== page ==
Tessellations for kids have much to teach about art and math, but need clear guide lines to keep students from jumbling up their cut out shapes.
- Drawing paper
- Card stock or chipboard square, 3″
- Masking tape
- Black marker
- Give each student a 3″ (or larger) square of heavy card stock paper, scissors, tape, and drawing paper.
- Make a diagram on a board that follows the steps illustrated.
- Number the corners as shown.
- Cut the bottom two corners off and move up to the top. With edges “kissing” and not overlapping, tape in place. The numbers are to stay right reading.
- The students draw a triangle on the back side, label “H” for head, and move to the right top and tape in place to make a bird shape.
- Using the bird as a tracing template, they align it with the side of a drawing paper, and trace one stacking column. If they move the bird to the right and interlock the head shapes, they can make another column that interlocks with the first.
- Continue tracing columns until paper is filled.
- Pencil lines are traced with a marker and the shapes are colored in. This artwork uses crayon, but painting would look very nice too.
My tessellation process shown in my diagram comes from many hours of figuring out how to work with a large group (35 or more) students and have as many as possible understand that they need to SLIDE their cut out shapes around, and not flip any over before taping together. The writing of letters in each corner really helps to do just that. To add another level of checking, try using some heavy paper that is colored differently on each side. Students can double check that the colors all match up before taping their tessellation together.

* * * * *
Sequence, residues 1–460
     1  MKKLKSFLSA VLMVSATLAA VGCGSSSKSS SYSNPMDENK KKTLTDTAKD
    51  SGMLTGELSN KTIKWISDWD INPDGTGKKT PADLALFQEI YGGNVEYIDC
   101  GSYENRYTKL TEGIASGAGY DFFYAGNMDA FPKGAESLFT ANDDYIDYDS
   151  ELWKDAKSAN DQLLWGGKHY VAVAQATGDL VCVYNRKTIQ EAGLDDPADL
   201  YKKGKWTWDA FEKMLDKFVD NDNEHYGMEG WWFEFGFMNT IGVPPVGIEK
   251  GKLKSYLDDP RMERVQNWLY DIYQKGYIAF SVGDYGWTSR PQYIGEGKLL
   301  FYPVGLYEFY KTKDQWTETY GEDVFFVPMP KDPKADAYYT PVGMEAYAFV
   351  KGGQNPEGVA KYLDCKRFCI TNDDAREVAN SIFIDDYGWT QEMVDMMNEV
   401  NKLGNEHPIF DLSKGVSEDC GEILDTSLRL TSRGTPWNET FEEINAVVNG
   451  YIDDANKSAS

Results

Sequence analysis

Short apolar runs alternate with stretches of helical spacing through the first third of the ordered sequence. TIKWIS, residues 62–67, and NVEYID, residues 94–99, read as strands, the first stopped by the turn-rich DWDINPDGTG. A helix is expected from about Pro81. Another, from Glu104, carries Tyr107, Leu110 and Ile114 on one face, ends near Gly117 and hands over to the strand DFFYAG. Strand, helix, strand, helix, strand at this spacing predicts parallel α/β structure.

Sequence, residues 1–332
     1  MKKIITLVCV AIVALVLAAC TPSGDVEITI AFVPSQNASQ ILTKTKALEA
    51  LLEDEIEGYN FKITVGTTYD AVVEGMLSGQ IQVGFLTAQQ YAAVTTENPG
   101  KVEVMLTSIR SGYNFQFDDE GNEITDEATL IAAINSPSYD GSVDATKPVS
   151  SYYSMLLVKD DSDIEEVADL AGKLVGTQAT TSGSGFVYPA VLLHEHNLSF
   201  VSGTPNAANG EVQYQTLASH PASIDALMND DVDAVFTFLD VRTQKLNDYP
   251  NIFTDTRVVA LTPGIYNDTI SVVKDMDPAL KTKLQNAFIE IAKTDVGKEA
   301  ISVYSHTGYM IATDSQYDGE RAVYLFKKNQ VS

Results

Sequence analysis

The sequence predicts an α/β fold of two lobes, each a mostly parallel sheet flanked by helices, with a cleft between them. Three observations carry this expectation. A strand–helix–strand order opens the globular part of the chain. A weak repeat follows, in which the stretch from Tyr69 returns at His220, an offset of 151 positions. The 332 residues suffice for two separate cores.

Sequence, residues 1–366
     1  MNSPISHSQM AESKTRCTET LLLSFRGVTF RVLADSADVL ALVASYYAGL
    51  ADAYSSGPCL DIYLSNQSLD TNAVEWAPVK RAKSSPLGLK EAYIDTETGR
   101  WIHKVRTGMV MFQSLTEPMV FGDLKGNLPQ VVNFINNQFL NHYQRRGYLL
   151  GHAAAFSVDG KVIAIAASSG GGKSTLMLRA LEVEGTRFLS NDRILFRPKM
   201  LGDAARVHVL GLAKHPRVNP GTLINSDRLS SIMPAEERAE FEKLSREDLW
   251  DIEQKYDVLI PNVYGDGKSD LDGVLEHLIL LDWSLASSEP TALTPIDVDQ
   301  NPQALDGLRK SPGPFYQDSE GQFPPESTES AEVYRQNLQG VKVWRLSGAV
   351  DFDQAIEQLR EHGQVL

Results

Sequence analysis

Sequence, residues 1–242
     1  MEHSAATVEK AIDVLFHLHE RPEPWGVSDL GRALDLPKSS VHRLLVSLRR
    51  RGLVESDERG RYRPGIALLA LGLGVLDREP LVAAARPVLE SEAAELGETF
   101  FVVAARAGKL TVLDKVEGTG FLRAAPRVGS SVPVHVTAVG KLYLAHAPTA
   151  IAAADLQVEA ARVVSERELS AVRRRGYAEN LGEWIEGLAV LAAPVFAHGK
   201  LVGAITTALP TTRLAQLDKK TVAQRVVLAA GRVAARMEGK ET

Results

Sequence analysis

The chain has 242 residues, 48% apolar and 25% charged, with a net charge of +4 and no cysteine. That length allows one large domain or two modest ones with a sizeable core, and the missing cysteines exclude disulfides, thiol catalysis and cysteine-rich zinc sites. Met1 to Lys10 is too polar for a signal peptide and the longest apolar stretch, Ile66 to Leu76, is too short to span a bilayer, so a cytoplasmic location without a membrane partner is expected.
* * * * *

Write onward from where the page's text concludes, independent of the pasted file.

• Drawing paper, 9″ x 12″
• Chipboard square, 3″ wide
• Masking tape
• Black marker
1. Start with a card stock square, at least 3″ wide. Label the four corners. Measure and mark the middle of each side of the square.
2. On the top right corner, draw and cut out a curve, leaving a little flat space that I call the “nose”.
3. Flop the top curve piece and trace to make a symmetrical version below. Cut out the shape.
4. Both curved shapes are aligned and slide to the back of the square as shown. Tape in place. It is VERY important that the numbers read as shown as flopped and rotated shapes will not fit together when complete.
5. Cut one equilateral triangle from the bottom of the shape. It is slid to the top, aligned with the front of the fish and taped in place.
6. Place your fish on at least a 9″ x 12″ drawing paper, and trace. It’s best to make one row going across the paper first, and then add rows on top, always interlocking the shapes when tracing. Lastly, trace the lines in black marker and color with crayon. See artwork by M.C. Escher to get inspired for more complex tessellations.
Incredible. And to think he went into graphic design because he failed his high school exams. I guess testing has been misreading artists for longer than I thought.
This handout might be good just to help students appreciate how complex Escher’s tessellations are. You could color them to match, or not. Either way, once you put them together, you can’t miss how those fish, lizards and birds fit together.
• Print of Escher Hexagon Tessellation, one per student
• Markers or colored pencils
• Masking tape
• Large white butcher paper
1. To make the animal patterns repeat, there must first be a plan for the colors of the animals that everyone repeats. For instance, mine was yellow fish, orange lizards, and purple birds.
2. Students color their tessellation carefully with colored pencils or markers. 3. The hexagons are cut out.
4. All of the hexagons are glued to a large sheet of white butcher paper, as large as needed for the class.